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Remedial Reading Schemes

Discussion in 'English' started by wanderfar, Apr 18, 2012.

  1. wanderfar

    wanderfar New commenter

    I am currently looking into different reading schemes for those in Year 7 who have very low literacy. I would love to hear from people who have implemented schemes, which they have chosen and why, and how well they have worked. I have looked at Read Write Inc and heard of 'accelerated reading' or something like this that have been successful in a secondary setting.
     
  2. wanderfar

    wanderfar New commenter

    I am currently looking into different reading schemes for those in Year 7 who have very low literacy. I would love to hear from people who have implemented schemes, which they have chosen and why, and how well they have worked. I have looked at Read Write Inc and heard of 'accelerated reading' or something like this that have been successful in a secondary setting.
     
  3. We use the following:

    dandelion readers for those who need phonically decodable books

    rigby rapid (we bought ks2 version but they've now brought out one for ks3 which looks even more age appropriate)

    project x (though we use these for guided reading, they are also designed to be used for independent readers)

    dockside - these have a good look to them for older pupils

    I am happy with all of these and continue to use them all.

    We've had accelerated reading in the past - I wasn't at this school then - and though I know some think highly of it, it doesn't seem particularly engaging to me. The pupils sit on a computer and answer questions after they've read the text. Personally, I prefer to do this one to one, or in guided reading, so pupils can express themselves more fully and you can tailor the questions to different AFs. By the way, project x books come with teaching notes which include questions and activities for guided reading linked to AFs. Both Rigby and Project X have teachers' books too with further guidance.

    I looked at Read Write Inc but decided against it because it looked very workbook-oriented to me and I wasn't impressed by the look of these workbooks. i also prefer to plan more creatively than just follow a really structured scheme of work. However, I know many schools love it and have found it has raised levels. I just haven't spoken to anyone I know who uses it - I've only read articles about it.

    Sorry if this is really rambling but I hope it helps. Please ask if you'd like further info/clarification.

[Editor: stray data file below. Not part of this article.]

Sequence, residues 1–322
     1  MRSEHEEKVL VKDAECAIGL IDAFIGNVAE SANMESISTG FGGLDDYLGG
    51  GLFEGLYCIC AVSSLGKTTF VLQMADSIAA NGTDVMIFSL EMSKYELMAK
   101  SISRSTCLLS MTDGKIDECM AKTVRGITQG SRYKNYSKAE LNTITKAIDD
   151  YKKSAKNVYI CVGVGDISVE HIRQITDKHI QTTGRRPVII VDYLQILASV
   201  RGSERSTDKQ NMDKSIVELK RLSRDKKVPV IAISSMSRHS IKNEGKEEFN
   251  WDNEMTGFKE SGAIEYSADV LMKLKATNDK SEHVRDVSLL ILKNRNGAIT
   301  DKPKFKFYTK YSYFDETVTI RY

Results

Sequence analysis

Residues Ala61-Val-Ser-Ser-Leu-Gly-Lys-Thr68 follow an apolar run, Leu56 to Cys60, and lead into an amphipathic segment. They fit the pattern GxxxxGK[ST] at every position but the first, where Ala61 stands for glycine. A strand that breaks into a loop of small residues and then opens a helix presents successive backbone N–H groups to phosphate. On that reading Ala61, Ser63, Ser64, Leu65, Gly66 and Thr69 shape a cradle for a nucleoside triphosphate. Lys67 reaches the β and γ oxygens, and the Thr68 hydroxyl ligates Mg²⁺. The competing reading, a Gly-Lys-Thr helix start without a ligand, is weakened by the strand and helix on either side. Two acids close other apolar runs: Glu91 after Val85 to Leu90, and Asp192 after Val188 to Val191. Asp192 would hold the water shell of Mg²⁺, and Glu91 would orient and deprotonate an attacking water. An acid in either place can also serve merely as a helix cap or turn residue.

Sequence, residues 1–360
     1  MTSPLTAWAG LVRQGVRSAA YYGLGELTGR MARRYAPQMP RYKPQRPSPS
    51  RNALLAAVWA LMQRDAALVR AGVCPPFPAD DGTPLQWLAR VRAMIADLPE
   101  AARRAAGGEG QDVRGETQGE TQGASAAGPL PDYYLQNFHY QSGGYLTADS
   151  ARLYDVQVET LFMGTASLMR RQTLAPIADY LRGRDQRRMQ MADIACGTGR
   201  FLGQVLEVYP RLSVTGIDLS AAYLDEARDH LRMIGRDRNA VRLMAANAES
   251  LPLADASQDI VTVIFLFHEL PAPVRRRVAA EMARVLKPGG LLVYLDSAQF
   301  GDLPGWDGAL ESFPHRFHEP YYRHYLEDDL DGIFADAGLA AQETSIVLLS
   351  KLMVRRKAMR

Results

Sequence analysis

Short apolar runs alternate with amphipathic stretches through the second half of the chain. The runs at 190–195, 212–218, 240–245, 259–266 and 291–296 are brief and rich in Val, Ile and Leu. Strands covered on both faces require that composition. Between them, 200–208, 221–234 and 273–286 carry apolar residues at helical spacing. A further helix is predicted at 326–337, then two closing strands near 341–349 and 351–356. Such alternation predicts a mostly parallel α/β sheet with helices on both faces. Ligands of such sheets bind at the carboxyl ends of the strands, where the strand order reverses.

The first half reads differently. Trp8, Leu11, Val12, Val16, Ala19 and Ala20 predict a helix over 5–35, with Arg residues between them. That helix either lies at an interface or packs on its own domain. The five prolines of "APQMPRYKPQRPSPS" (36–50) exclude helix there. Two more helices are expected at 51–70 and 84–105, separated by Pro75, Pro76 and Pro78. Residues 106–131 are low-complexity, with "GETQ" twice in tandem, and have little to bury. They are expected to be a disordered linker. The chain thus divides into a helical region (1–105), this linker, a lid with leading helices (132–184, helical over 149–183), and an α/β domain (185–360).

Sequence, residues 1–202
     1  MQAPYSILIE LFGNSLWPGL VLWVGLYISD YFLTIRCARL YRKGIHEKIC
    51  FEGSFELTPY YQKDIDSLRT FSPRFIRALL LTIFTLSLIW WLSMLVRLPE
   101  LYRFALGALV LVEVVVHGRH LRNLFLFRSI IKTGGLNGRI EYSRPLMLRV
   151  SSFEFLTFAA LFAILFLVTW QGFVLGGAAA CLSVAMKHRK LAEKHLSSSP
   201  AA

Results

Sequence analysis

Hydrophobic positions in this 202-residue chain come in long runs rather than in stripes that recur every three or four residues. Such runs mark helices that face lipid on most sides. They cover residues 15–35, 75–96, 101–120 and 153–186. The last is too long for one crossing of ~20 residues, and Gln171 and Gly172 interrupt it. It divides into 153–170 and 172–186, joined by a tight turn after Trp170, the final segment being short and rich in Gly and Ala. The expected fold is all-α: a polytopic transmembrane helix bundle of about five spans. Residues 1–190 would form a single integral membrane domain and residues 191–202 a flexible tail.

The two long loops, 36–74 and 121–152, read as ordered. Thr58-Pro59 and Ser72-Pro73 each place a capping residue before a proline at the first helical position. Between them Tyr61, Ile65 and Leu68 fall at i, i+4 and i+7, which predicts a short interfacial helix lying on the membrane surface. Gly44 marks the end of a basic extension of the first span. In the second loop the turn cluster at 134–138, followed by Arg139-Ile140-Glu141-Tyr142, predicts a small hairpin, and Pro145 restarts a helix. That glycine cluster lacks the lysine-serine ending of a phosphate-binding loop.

4. Before investing in a new scheme, u might first like to establish exactly what their problems are.
    How good is their grasp of basic English phonics?
    U can check that by getting them to read some of the regularly spelt words from the 300 most used English words:

    <font size="3">a, about, across, again, air, along, am, an, and, around, as, at, away, baby, back, bad, because, bed, been, before, began, best, better, big, birds, boat, box, boy, but, by, came, can, car, cat, children, cried, dad, dark, day, did, didn&rsquo;t, different, dog, duck, eggs, end, even, feet, fell, first, fish, floppy, fly, for, found, fox, from, fun, garden, gave, get, girl, go, going, got, gran, grandad, green, had, hard, has, hat, help, her, here, him, his, home, horse, hot, house, I, I&rsquo;ve, if, in, inside, is, it, it&rsquo;s, its, jumped, just, keep, king, let, let&rsquo;s, like, liked, little, long, lots, made, make, man, may, miss, more, morning, mouse, much, mum, must, my, need, new, next, night, no, not, of, off, on, or, our, out, over, park, place, play, queen, rabbit, ran, red, right, round, run, sat, say, sea, see, shouted, sleep, so, still, stop, stopped, suddenly, sun, take, tea, tell, than, that, that&rsquo;s, their, them, then, these, they, thing, things, think, this, three, time, top, tree, trees, under, up, us, use, way, well, went, when, which, while, why, will, wind, window, wish, with, yes. </font>
    If they can read the above fluently, check how they cope with the trickier ones:
    From the 100 most HF ones:
    <font size="3">he, of, the, to, was,</font><font size="3">all, be, are, have, one, said, we, you, by, my, call, before, come, could, do, down, into, look, me, more, now, only, other, right, she, some, their, there, two, when, want, were, what, where, which, who, your.</font> [/b]
    Being able to read all the above without hesitation is essential for reading fluency. If they are fine with those, then they just need more practice and any text will do, as long it appeals to them.
    If u are not sure what causes English reading difficulties, look at
    http://englishspellingproblems.blogspot.com/2009/12/reading-problems.html


     
  5. Masha, you posted the same thing here in 2005 and everyone said you were a bloody nuisance then. You've learned nothing.
     
  6. Wrong. I did not even join tes list till 2006, and did not publish my first blog post til Dec 2009.
     
  7. 27 May, 2005
     

  8. https://community.tes.co.uk/forums/t/138606.aspx?PageIndex=1
     
  9. recliningbuddah

    recliningbuddah New commenter

    The new Heinneman Rapid Plus series is good and yuo can buy it online too!
     
  10. Oh and I've remembered that on another thread, some TES posters recommended the new Project X code books which are phonically decodable. They look good and we're looking into whether we can afford any more books.
     

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